Oregon History

A history of travel in Oregon – Part One

COVID-19 has changed the way we move about world. Airplanes are grounded, the cruise ship industry decimated, and buses are empty. People are indoors, using their cars less and they are staying closer to home. Access to travel to the entire world, as it was just prior to COVID-19, has drastically changed. However, when looking at global travel in a historical context, it is a relatively new phenomenon.

The Columbia River now separates Oregon from Washington. It was this river that brought explorers from across the world to the Oregon Country.

Explorers and settlers went to great lengths, often with dire consequences, to bring us to where we are today. And now in this time of change, questions arise. What happens next? At Together Anywhere, we are asking, what can we learn from history regarding the transience of our humanity and the way we move about space? What are the benefits of our travel? What are the consequences? How might these answers inform us of where we need to go next? Well, let’s begin to find out.

What do humans need to travel? Well, basically, we just need feet. Ok, and maybe some good shoes. Did you know that the oldest known footwear in the world was found right here in Oregon? They were found in a cave at Fort Rock in south central Oregon and are now housed at the University of Oregon’s Museum of Natural and Cultural History in Eugene. While written language doesn’t tell us exactly who owned these shoes, some history of a tribal Oregon is known.

Sagebrush sandals excavated at Fort Rock Cave by Dr. Luther Cres
Fort Rock Sandals discovered in 1938. Carbon dating places this set of footwear between 9,100-10,400 years old. (photo from Oregon Historical Society Research Library)

For more than 8,000 years, hundreds of Native American tribes called this area home, like the Multnomah, Kalapuya, Molalla, Clatsop, Clackamas, Tillamook, Wasco, Klamath, Umpqua, and Siletz people to name a few.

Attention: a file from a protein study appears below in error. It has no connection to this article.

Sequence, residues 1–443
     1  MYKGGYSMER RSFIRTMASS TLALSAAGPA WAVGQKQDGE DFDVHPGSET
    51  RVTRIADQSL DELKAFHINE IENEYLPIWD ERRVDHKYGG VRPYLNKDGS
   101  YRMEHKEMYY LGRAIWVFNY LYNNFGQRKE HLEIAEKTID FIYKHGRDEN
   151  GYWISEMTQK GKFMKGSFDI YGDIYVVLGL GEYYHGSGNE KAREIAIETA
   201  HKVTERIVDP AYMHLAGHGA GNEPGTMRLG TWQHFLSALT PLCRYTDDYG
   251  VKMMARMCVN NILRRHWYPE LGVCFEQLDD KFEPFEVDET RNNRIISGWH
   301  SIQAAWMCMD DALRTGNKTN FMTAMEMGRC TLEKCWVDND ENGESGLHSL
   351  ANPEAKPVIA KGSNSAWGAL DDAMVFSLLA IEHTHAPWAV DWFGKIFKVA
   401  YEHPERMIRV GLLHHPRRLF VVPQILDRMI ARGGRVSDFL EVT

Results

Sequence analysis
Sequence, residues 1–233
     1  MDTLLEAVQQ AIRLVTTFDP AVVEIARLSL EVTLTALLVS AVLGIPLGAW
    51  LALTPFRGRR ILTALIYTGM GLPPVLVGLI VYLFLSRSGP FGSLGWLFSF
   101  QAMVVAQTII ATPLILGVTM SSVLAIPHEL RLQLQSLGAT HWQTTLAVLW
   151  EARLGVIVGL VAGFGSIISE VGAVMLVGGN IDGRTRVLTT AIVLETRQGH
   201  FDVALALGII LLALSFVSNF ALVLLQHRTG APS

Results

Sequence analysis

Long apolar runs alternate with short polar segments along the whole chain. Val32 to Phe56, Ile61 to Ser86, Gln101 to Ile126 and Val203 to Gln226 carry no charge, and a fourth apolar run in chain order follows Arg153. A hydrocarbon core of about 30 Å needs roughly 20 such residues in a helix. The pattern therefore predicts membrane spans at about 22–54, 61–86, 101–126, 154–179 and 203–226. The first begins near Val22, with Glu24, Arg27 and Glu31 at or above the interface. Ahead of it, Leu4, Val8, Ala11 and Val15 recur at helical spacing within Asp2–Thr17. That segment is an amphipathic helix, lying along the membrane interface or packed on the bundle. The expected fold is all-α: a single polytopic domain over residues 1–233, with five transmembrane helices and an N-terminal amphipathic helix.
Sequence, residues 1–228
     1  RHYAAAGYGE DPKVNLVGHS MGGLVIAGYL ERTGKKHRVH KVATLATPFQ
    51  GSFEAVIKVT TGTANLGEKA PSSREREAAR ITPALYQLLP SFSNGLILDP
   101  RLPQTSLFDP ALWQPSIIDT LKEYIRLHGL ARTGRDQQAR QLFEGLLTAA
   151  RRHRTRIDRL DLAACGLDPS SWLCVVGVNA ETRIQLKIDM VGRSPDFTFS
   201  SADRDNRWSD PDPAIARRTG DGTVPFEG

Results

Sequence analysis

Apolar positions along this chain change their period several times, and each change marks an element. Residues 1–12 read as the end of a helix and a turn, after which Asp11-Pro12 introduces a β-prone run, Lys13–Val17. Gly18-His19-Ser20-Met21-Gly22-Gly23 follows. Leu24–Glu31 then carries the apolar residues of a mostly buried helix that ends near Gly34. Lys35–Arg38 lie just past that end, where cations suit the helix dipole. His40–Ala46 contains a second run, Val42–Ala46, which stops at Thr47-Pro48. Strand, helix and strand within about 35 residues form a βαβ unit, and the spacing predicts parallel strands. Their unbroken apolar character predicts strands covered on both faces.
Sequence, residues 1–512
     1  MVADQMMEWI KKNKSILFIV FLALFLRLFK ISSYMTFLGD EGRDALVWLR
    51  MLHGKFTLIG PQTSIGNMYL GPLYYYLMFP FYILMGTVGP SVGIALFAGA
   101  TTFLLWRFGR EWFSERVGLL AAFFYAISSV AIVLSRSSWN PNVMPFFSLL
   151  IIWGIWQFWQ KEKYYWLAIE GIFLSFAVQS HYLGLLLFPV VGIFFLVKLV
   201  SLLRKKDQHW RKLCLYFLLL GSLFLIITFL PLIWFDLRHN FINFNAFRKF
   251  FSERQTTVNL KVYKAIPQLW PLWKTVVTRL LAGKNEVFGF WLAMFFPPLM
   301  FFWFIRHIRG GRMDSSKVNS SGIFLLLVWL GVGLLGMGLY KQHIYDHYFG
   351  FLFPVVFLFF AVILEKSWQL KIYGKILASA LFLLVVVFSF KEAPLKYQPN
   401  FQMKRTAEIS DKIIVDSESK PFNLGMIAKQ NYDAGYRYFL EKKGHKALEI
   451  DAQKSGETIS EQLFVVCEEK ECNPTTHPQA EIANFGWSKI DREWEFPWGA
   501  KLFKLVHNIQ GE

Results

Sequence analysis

It is known that tribal migration occurred seasonally all over Oregon. Many tribes would live nomadically in the lower Cascades and upper river canyons catching fish and hunting game. The Kalapuyans, for example, would then spend their winters in the lower valley in what is known today as the Willamette Valley. The Native tribes thrived in this area as the Willamette Valley is home to 61 species of fish, 250 species of wildlife and thousands of species of plant life. As westward expansion grew in the 18th and 19th centuries, times were unchanging for the valley and its’ original inhabitants as recent as two hundred years ago. But as settlers quickly moved in, the Native tribal migration, fishing practices, and even their existence as a people was drastically altered. 

Indians on horses in front of tepees near the Columbia Plateau area (from the OSU Special Collections & Archives Research Center)

But before we go further into the Native American encounters with the settlers, let’s back up a bit first. When and why did those first outsiders travel to Oregon? Who were they and how did they get here? Surely not by foot. Oregon was first encountered in the late 1500s by Spanish explorers. Globalization and international trade (sound familiar?) were in full swing and explorers were constantly looking for ways to beat out the competition. Spaniard Bruno de Heceta explored the Oregon coast in 1775 and British Captain James Cook is known to have been here in 1778 before meeting his fateful end on the Hawaiian islands.